Talmadge is the name of a prominent Georgia political family.
Eugene Talmadge was elected Agriculture Commissioner of Georgia in 1926 and served three terms before being elected Governor of Georgia in 1932 and re-elected in 1934. Opposed to President Franklin Roosevelt's "New Deal", Talmadge ran twice for the United States Senate, losing to Richard Russell in 1936 and Walter George in 1938. Talmadge returned as Governor in 1940, but was defeated by Ellis Arnall in the 1942 Democratic primary. Arnall was term-limited in 1946, so Talmadge ran to replace him. He won the election, but died before he was inaugurated, sparking the so-called "Three Governor's Controversy" in which Arnall, Lieutenant Governor Melvin Thompson, and Eugene's son Herman Talmadge (who had been elected by the General Assembly) all asserted claims to be Governor. Finally, the Georgia Supreme Court ruled in favor of Thompson and scheduled a special election in 1948.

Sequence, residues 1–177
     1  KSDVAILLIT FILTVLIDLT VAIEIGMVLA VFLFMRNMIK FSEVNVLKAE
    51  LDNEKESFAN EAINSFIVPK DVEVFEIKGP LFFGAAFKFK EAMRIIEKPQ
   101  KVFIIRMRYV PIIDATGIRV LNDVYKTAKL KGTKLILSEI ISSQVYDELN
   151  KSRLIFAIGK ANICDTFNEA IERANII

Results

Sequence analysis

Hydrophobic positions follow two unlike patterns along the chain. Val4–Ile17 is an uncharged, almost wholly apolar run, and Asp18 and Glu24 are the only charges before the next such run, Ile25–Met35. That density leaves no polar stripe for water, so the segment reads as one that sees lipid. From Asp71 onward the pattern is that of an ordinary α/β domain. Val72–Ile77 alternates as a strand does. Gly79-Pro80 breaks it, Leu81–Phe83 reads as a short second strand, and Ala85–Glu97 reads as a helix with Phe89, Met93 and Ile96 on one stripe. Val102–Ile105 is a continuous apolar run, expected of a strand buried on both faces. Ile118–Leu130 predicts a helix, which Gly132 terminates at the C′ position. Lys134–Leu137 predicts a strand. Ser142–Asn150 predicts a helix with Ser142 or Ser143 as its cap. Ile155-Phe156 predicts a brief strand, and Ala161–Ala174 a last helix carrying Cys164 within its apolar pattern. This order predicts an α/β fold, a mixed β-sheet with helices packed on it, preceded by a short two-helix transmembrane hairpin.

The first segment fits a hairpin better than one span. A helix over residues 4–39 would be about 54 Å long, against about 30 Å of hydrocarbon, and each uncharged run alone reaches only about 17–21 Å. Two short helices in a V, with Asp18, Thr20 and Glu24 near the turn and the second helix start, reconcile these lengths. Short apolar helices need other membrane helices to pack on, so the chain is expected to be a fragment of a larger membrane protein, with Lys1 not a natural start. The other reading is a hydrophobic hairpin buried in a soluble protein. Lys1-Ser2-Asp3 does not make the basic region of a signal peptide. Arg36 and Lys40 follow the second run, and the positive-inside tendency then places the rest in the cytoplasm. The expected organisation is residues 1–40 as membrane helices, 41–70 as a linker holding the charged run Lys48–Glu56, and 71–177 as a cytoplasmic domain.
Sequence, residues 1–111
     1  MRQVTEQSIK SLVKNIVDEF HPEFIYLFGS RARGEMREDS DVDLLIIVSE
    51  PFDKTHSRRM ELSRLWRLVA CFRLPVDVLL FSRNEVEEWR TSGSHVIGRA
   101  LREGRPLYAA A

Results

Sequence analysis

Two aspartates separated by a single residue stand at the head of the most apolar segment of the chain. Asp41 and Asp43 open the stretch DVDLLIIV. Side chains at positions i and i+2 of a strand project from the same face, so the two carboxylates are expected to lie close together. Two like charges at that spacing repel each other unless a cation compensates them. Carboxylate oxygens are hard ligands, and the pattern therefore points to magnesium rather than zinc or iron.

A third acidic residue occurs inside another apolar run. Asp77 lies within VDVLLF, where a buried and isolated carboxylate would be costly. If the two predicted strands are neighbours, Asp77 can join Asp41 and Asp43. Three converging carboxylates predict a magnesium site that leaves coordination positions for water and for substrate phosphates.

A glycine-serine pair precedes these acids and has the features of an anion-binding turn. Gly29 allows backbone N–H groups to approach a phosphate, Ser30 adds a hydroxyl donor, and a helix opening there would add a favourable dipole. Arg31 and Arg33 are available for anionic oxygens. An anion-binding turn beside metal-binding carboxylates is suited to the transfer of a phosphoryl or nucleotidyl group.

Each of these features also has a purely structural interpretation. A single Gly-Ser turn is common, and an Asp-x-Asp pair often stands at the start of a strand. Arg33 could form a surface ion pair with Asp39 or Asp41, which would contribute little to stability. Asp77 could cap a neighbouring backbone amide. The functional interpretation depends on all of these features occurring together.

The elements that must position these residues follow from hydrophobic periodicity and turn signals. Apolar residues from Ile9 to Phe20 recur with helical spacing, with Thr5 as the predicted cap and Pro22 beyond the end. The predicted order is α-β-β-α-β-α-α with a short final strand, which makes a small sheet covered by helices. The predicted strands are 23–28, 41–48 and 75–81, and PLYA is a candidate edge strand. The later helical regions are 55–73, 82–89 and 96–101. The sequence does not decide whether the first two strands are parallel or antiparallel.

Herman Talmadge was the son of Eugene Talmadge and the manager of his father's 1946 campaign for Governor. His father won the election but died before being inaugurated. The General Assembly elected Herman Talmadge in his father's place, but the Supreme Court ruled that Lieutenant Governor Melvin Thompson should become Governor until a special election could be held in 1948.
Talmadge ran against, and defeated, Thompson in 1948. He then won a full term in 1950. He ran for the Senate in 1956, won, and was re-elected in 1962, 1968 and 1974. Talmadge served on the Senate Watergate Committee. In 1980, he successfully staved off a challenge in the Democratic primary by Lieutenant Governor Zell Miller, but in the general election was defeated by Republican businessman Mack Mattingly. Talmadge retired after his defeat, and died in 2002.